As I have started preaching through the book of Hebrews two things about Jesus Christ have caught my attention this week in chapter one. The first one is in vs. 9, "You have loved righteousness and hated wickedness." I am not sure there is another verse that captures the essence of godliness and righteousness like this one. God's purpose in redeeming us is not to make us perfect in the sense of having no sin or even to merely forgive us our sins; something more is needed.
Adam was created upright; he had no sin in him but clearly the Lord had more in mind. He wanted Adam to love him totally and hate everything that God hated. In Adam this would be worked out not just in good deeds but in a perfect love for God that led to him fully obey. Of course, Jesus the God Man was the only one who could do this in an acceptable way and it is this "active" righteousness that is imputed to us. This is a righteousness that goes way beyond just obeying some set of laws. What honors the Lord is when such deeds are done with a heart of love towards God. So Jesus didn't just go around and keep law or do good deeds but he loved serving the Father in this way with all his heart. He didn't obey because he had to he did so because he loved to serve the Father.
And this is a good lesson for those who desire to be conformed to his image and to be perfect as our heavenly Father is perfect. Holiness is not just our ability to obey the Lord, it is to do so because we wouldn't have it any other way; it is from the heart and only this pleases the Lord. Vs. 9 is telling us that there was a substitute that actually lived in the way God intended humans to live and it is that righteousness that we need along with the cancelling of the debt of sin held against us.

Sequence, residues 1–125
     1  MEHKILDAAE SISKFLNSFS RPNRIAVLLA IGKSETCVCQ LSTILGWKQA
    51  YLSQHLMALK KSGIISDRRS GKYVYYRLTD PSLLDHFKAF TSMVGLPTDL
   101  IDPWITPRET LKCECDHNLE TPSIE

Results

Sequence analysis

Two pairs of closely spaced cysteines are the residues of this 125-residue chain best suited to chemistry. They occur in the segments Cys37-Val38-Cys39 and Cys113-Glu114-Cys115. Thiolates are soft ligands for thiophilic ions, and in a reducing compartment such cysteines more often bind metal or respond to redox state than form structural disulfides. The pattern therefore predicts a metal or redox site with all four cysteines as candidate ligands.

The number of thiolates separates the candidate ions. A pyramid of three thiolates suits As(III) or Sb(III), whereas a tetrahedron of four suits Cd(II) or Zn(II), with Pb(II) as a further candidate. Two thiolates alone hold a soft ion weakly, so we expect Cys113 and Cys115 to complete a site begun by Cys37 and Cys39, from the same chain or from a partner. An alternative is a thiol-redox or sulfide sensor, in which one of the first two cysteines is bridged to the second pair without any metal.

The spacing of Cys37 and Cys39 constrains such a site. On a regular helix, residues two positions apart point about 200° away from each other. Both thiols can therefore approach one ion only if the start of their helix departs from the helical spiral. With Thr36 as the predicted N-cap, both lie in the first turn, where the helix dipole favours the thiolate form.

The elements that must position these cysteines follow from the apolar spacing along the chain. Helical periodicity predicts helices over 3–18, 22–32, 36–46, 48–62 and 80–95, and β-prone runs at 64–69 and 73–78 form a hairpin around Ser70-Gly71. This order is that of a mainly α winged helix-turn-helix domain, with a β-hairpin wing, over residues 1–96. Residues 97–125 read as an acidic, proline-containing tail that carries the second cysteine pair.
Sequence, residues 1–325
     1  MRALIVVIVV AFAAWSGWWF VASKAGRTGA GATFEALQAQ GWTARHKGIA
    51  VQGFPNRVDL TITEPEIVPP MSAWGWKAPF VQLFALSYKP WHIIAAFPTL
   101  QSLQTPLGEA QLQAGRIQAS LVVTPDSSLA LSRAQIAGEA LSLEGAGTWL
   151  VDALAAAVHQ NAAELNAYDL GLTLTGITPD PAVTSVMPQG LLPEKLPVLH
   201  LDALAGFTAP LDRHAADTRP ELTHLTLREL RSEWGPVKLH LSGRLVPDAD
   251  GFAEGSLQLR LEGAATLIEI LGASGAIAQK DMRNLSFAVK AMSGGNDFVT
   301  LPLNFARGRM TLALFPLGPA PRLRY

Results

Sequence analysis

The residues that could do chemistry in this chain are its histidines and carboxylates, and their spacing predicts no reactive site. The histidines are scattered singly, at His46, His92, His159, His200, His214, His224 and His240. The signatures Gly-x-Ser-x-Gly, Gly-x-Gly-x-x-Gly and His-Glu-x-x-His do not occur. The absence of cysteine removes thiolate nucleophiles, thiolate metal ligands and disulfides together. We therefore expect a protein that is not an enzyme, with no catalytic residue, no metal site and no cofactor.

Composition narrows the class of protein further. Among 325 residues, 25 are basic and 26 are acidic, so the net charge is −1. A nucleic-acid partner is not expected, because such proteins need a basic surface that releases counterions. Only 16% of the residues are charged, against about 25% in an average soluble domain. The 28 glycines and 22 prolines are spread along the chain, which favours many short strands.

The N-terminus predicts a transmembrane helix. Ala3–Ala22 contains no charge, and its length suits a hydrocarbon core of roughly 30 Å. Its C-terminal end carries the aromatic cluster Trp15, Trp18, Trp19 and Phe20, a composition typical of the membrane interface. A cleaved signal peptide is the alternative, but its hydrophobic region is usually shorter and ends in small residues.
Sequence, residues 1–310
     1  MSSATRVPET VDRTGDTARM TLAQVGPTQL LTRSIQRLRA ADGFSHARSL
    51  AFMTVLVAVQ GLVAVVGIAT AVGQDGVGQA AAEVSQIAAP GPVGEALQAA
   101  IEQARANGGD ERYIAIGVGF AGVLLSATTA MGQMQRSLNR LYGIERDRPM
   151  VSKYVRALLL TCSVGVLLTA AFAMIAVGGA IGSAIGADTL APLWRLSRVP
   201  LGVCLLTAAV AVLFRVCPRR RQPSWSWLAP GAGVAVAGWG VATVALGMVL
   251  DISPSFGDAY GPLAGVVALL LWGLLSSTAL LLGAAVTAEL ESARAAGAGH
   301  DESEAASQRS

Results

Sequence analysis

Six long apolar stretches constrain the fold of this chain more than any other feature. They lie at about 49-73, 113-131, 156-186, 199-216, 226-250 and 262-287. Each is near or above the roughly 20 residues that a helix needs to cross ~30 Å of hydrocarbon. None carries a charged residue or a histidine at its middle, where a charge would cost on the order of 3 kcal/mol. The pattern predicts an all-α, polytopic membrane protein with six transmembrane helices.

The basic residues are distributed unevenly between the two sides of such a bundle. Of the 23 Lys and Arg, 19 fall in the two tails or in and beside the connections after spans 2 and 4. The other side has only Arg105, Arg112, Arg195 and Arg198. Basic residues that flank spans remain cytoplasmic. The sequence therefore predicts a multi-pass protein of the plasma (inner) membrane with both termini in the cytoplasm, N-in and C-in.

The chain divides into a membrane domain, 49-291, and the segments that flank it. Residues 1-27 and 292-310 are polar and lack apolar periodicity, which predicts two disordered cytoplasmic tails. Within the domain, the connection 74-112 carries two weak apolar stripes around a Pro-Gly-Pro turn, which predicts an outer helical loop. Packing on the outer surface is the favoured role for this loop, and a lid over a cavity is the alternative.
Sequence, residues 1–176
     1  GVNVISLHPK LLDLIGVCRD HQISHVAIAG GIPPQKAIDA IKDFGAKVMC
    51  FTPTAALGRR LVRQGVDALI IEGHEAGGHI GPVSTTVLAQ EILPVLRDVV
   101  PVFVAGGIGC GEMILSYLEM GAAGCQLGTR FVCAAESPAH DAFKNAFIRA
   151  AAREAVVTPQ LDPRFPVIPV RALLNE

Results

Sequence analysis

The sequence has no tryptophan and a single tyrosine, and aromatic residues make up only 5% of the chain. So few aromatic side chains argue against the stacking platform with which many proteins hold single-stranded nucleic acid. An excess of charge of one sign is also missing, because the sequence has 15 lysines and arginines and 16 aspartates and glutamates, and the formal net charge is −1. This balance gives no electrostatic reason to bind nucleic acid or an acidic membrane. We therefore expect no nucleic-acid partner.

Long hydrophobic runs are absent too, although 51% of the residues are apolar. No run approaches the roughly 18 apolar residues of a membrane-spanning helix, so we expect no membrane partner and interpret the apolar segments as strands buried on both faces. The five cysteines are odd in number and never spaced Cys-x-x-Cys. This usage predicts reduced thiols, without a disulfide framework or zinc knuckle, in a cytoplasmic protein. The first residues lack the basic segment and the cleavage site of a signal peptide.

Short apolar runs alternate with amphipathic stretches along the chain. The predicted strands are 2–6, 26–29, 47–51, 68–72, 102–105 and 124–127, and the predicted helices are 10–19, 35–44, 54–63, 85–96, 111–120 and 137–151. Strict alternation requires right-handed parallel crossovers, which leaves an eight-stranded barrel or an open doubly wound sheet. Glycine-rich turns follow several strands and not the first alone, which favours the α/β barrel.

The second thing I thought was wonderful to see in this chapter is one of the primary things this opening chapter wants us to see; Christ is not only better than the angels but more than just a man as well. There are allusions to this in this chapter instead of outright statements since the author is primarily comparing him to the angels, not to man. One such allusion is in vs. 13, "Sit at my right hand until I make your enemies a footstool for your feet"? Actually you have to go back to Ps. 110:1 to see this since he only quotes part of the verse. David is prophesying that Yahweh said to his Lord to sit on his right hand.... Jesus picks up on this in Matt. 22. The Pharisees had been trying to catch him is some error in order to discredit him and it hadn't been going too well for them.
All of the sudden Jesus decides to ask them a question. It was "whose Son was the Messiah supposed to be?" and they rightly answered David. Then Jesus gives them a riddle of sorts. If the Messiah is a descendant of David what did he mean when he called him his Lord in Ps. 110? The teaching we must take away from that is obvious. The Messiah is going to be a man born from David's line but he clearly has to be more than just a man.
Now the verse that even more plainly teaches this that I came across this week is Rev. 22:16, "I, Jesus, have sent my angel to testify to you about these things for the churches. I am the root and the descendant of David, the bright morning star." Do you see it? Jesus claims to be both the root and the descendant of David. The root precedes the plant and the fruit. He is the One who gave life to David as his creator and obviously he existed before David, yet he descended from David as well. How can it be more clear?